The reconstruction of Germany after World War II was a long process. Germany had suffered heavy losses during the war, both in lives and industrial power. 6.9 to 7.5 million Germans had been killed, roughly 8.26 to 8.86 percent of the population. The country’s cities were severely damaged from heavy bombing in the closing chapters of the War and agricultural production was only 35 percent of what it was before the war.
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At the Potsdam Conference, the victorious Allies ceded roughly 25 percent of Germany’s pre-Anschluss territory to Poland and the Soviet Union. The German population in this area was moved away, together with the Germans of the Sudetenland and the German populations scattered throughout the rest of Eastern Europe. Between 1.5 and 2 million are said to have died in the process, depending on source. As a result, the population density grew in the new Germany that remained after the dismemberment.
As agreed at Potsdam, an attempt was made to convert Germany into a pastoral and agricultural nation, allowed only light industry. Many factories were dismantled as reparations or were simply destroyed. Millions of German prisoners of war were for several years used as forced labor, both by the Western Allies and the Soviet Union.
Beginning immediately after the German surrender and continuing for the next two years, the United States pursued a vigorous program to harvest all technological and scientific know-how, as well as all patents in Germany. John Gimbel comes to the conclusion in his book, Science Technology and Reparations: Exploitation and Plunder in Post-war Germany, that the “intellectual reparations” taken by the U.S. and the UK amounted to close to 10 billion dollars, equivalent to around 100 billion dollars in 2006.
As soon as 1945, the Allied forces worked heavily on removing Nazi influence from Germany in a process dubbed as “denazification”.
By mid-1947, the success of denazification and the start of the Cold War had led to a re-consideration of policy, as the Germans were seen as possible allies in the conflict and the dawning realization that the economic recovery of Europe was dependent on the reactivation of German industry. With the repudiation of the U.S. occupation directive JCS 1067 in July 1947, the Western Allies were able to start planning for the introduction of a currency reform to halt the rampant inflation. This type of action to help the German economy had been prohibited by the directive and its execution also led to the setting up of a Soviet controlled puppet state in the eastern zone, to maintain Soviet control there.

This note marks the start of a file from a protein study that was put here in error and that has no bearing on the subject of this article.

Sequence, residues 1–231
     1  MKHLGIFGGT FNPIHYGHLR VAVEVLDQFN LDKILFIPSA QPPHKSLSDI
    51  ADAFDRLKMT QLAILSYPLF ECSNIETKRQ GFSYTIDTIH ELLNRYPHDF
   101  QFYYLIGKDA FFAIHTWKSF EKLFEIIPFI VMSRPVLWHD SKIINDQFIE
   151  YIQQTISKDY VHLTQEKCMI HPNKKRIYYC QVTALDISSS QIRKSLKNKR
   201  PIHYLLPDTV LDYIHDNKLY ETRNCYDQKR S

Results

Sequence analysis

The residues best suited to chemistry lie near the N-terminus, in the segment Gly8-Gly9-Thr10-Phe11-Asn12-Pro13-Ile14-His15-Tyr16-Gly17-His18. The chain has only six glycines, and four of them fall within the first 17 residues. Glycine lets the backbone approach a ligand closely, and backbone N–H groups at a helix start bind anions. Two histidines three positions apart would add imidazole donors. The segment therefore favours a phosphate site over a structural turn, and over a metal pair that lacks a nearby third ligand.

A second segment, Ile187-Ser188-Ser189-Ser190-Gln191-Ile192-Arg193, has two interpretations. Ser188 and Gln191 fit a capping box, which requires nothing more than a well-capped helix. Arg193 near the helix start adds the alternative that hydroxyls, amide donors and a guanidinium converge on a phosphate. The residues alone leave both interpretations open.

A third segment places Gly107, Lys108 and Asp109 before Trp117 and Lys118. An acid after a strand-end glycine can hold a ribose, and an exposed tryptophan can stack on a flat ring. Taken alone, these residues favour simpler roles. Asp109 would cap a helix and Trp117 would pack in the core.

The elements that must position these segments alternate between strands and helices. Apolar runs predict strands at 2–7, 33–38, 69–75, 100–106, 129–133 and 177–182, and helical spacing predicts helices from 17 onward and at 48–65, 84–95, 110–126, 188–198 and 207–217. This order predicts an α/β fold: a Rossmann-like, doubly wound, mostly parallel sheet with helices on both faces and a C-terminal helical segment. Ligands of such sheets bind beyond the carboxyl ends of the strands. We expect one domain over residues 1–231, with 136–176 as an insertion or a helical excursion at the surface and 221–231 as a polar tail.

In 1948, the Deutsche Mark replaced the occupation currency as the currency of the Western occupation zones, leading to their eventual economic recovery.
In 1947, the Marshall Plan, initially known as the European Recovery Program was initiated. In the years 1947–1952, some $13 billion of economic and technical assistance—-equivalent to around $140 billion in 2017—were allocated to Western Europe. Despite protests from many beneficiaries, the Marshall Plan, although in the less generous form of loans, was in 1949 extended to also include the newly formed West Germany. In the years 1949–1952, West Germany received loans which totaled $1.45 billion, equivalent to around $14.5 billion in 2006.
The country subsequently began a slow but continuous improvement of its standard of living, with the export of local products, a reduction in unemployment, increased food production, and a reduced black market.
By 1950, the UK and France were finally induced to follow the U.S. lead, and stop the dismantling of German heavy industry. The country’s economic recovery under the newly formed democratic government was, once it was permitted, swift and effective. During the mid-1950s, the unemployment rate in Germany was so low that it led to the influx of Turkish immigrants into the country’s labor force. Germany’s economy continued to improve until the 1973 oil crisis.